Patterns of Hospital Ownership and Control

Patterns of Hospital Ownership and Control

JAMES A. HAMILTON
R. Bruce Butters
Elbert E. Gilbertson
Copyright Date: 1961
Edition: NED - New edition
Pages: 180
https://www.jstor.org/stable/10.5749/j.cttts4gv
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  • Book Info
    Patterns of Hospital Ownership and Control
    Book Description:

    Patterns of Hospital Ownership and Control was first published in 1961. Based on a study of data about nearly 7,000 independent unites of hospital service in the United States, this book classifies and describes the patterns or types of hospital ownership and control to be found in the hospital industry. For each pattern, information is given on the organizational structure and governing authority, history, significance, finances, educational activities, administration, medical staff, groups or associations within the pattern, and future trends. The book will enable students of hospital administration to get an overall view of the hospital industry and a familiarity with the groups responsible for hospital care. It will be useful, also, as a reference work for hospital administrators.

    eISBN: 978-0-8166-6278-4
    Subjects: Health Sciences

Table of Contents

  1. Front Matter
    (pp. i-viii)
  2. Table of Contents
    (pp. ix-2)
  3. Introduction
    (pp. 3-16)

    The primary purpose of this study and report is to provide students in hospital administration with a concept of the hospital industry and the different organizations which make hospital care possible in the United States.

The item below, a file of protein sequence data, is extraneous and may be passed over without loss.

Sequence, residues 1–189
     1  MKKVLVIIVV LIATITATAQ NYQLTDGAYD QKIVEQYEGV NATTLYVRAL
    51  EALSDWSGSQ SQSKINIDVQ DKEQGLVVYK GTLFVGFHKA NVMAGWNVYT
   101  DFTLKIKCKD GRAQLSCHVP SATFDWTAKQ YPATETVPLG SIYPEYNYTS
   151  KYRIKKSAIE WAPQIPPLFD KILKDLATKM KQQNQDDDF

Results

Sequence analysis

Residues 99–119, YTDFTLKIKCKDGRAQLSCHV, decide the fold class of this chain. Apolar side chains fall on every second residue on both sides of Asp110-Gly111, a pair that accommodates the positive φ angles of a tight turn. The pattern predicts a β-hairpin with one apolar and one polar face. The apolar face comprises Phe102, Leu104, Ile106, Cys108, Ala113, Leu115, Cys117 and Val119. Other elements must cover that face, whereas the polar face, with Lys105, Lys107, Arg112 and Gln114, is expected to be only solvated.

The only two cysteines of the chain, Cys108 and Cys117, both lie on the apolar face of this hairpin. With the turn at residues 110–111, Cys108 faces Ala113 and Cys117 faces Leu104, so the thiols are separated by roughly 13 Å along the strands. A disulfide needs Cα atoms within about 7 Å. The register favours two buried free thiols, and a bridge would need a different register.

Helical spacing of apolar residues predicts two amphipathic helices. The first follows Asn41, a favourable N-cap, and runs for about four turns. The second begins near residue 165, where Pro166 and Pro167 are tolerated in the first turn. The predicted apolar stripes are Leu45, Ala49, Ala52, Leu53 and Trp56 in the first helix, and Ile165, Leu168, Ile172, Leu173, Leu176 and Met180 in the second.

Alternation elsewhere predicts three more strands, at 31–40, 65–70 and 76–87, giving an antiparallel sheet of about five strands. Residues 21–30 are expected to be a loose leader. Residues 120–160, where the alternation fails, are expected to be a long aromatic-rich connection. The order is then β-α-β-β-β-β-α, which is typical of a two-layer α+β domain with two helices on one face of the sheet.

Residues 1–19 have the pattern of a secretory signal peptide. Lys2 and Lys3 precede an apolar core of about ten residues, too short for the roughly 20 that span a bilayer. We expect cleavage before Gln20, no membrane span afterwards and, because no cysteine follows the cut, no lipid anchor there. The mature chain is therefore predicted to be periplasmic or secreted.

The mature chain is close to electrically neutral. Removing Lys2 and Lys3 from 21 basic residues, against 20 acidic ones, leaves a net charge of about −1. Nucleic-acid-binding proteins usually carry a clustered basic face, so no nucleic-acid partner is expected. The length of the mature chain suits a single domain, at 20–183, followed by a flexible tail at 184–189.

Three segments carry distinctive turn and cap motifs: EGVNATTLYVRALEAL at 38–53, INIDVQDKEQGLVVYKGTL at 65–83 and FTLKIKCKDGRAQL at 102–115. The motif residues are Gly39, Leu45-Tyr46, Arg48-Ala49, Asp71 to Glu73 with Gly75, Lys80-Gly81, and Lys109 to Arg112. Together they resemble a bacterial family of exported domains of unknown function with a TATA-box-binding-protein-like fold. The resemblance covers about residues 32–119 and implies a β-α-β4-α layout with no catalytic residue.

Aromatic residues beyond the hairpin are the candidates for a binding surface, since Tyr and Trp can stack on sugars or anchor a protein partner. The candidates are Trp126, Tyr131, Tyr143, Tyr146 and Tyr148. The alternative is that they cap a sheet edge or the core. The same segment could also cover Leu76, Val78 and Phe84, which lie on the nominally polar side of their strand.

Most of the discussion is devoted to the various individual patterns of hospital ownership and control, and to describing briefly each pattern’s organizational structure and governing authority, history, significance, finances, educational activities, administration, medical staff, groups or associations within the pattern, and future trends. Length of description varies among the patterns, not as an indication of relative importance, but according to the amount of information...

  4. Part I. Governmental Patterns

    • Governmental Hospitals and Their Significance
      (pp. 19-24)

      Governmental hospitals are owned and operated by agencies or departments of the federal, state, and local governments. They constitute less than one third of the nation’s total hospitals and admit just over one fourth of all hospital patients; however, they contain more than two thirds of the hospital beds in this country. In addition, these governmental facilities account for approximately one half of all hospital assets, expenses, and personnel. (See Table 6.)

      This chapter briefly summarizes the total significance of federal, state, and local governmental hospitals. A more detailed discussion of hospitals operated by individual federal agencies, state governments, and...

    • Federal Hospitals
      (pp. 25-66)

      Two types of hospitals, fixed and nonfixed, are maintained by the Department of the Army. Fixed hospitals are designed to operate in the same location over an extended period of time. Nonfixed hospitals are mobile and designed to provide close medical support for combat elements. However, regardless of their location, mission, size, type, or bed capacity, all Army hospitals are similar in their organization and administration.

      Hospitals located outside the continental limits of the United States, its territories or possessions, are under the jurisdiction of the overseas theater commanders. They are generally designated both by number and as surgical, evacuation,...

    • State and Local Governmental Hospitals
      (pp. 67-86)